Class Action Lawsuits is a common part of our society. They are lawsuits in which a group of people are brought together for the purpose of obtaining redress for an unfair loss. In most cases, the person bringing the suit is trying to hold another person or company accountable for some unfair act. For example, if a business owner intentionally drove over a sidewalk because of bad weather conditions, that owner may be held liable for injuries that were suffered by someone walking on or across the sidewalk because of the owner’s negligence. The idea is to ask that party to compensate the victims for their losses or for their medical bills. The damages sought in these lawsuits are generally in the form of money or a structured settlement payment.
Class actions are supported by what is known as a “derivative process”, which means that the derivative would attempt to obtain an award based on the same facts that triggered the original lawsuit.
In the past, this was accomplished by sending “template letters” and requests for periodic payments to the original debtors. Today, the process has been streamlined and now Class Action lawsuits are sent through the mail with pre-written letter templates, making it very convenient for the attorney to initiate the lawsuit on behalf of the client.
This new process brings about another problem faced by today’s debtors and lenders.
Many plaintiffs fail to realize that they have a contractual right to receive one-time, lump-sum monetary compensation; the settlement amount is not a guarantee that they will receive any amount of money, even a large amount of money. As mentioned above, the original mortgage contract contained an agreement between the lender and the debtor that the lender could collect non-refundable penalty charges from the debtor for late payments. If a lender attempts to write a judgment against a debtor for non-refundable penalties, the borrower can assert the provisions of the fair debt collection practices act to prevent the lender from proceeding with the lawsuit. In addition, many states also allow the state to become involved in the lawsuit by adopting a law allowing the state to become involved in the lawsuit on behalf of the debtor.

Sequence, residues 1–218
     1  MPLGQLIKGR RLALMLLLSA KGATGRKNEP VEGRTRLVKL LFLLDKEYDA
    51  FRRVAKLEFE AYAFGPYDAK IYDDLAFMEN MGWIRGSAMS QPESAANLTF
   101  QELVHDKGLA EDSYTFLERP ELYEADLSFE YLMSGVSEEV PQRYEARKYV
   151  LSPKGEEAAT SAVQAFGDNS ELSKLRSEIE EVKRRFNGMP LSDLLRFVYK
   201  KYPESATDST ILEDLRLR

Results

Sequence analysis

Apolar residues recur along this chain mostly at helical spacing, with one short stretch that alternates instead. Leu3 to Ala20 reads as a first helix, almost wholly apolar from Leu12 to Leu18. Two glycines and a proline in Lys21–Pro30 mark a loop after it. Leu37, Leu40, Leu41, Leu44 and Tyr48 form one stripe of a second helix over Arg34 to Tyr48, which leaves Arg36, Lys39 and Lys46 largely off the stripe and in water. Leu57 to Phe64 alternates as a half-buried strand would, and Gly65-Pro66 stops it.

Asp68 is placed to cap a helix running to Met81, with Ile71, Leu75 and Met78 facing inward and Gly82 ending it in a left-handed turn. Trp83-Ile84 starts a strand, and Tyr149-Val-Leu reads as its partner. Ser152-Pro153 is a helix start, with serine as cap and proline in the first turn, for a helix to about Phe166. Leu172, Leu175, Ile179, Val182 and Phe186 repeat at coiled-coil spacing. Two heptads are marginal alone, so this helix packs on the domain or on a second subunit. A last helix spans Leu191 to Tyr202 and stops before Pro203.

The first step that a plaintiff should take when engaging in a class action lawsuit against a mortgage lender or debt collection agency is to consult with an experienced fDCPA attorney who specializes in this area of consumer rights.
During this time, the attorney will ascertain whether there are any valid claims that the plaintiff may have against the debtor that could be used as basis for the class action lawsuit. It is also important to determine if the debtor’s individual state laws allow the state to participate in the action.
After determining if the debtor’s individual states allow the state to become involved in the action, the plaintiff will move on to determining if the debt collections agency violated any of the fdcpa guidelines.
One of the most common violations is the failure to provide the client’s proper notice that the agency is engaging in these actions. Failure to give proper notice or warnings that the action is pending creates a likelihood of the agency engaging in illegal activities. Once the nature of the violations is determined, the plaintiff should determine whether it is feasible to pursue a class action lawsuit against the debt collections agency.
If the complaint does not meet the requirements required in paragraph (b) above, it will not be able to proceed with the complaint.
In addition, if the complaint does meet all the requirements, but there are still defects, the plaintiff will not be permitted to proceed. The plaintiff need only file a written complaint with sufficient evidence to support the claims contained within the complaint. The complaint also must be filed with the appropriate office within 45 days of the date of default. If the complaint is found to be justified on all bases, the plaintiff will be provided a final letter of demand from the defendant granting approval of the complaint and entering an agreement of compromise.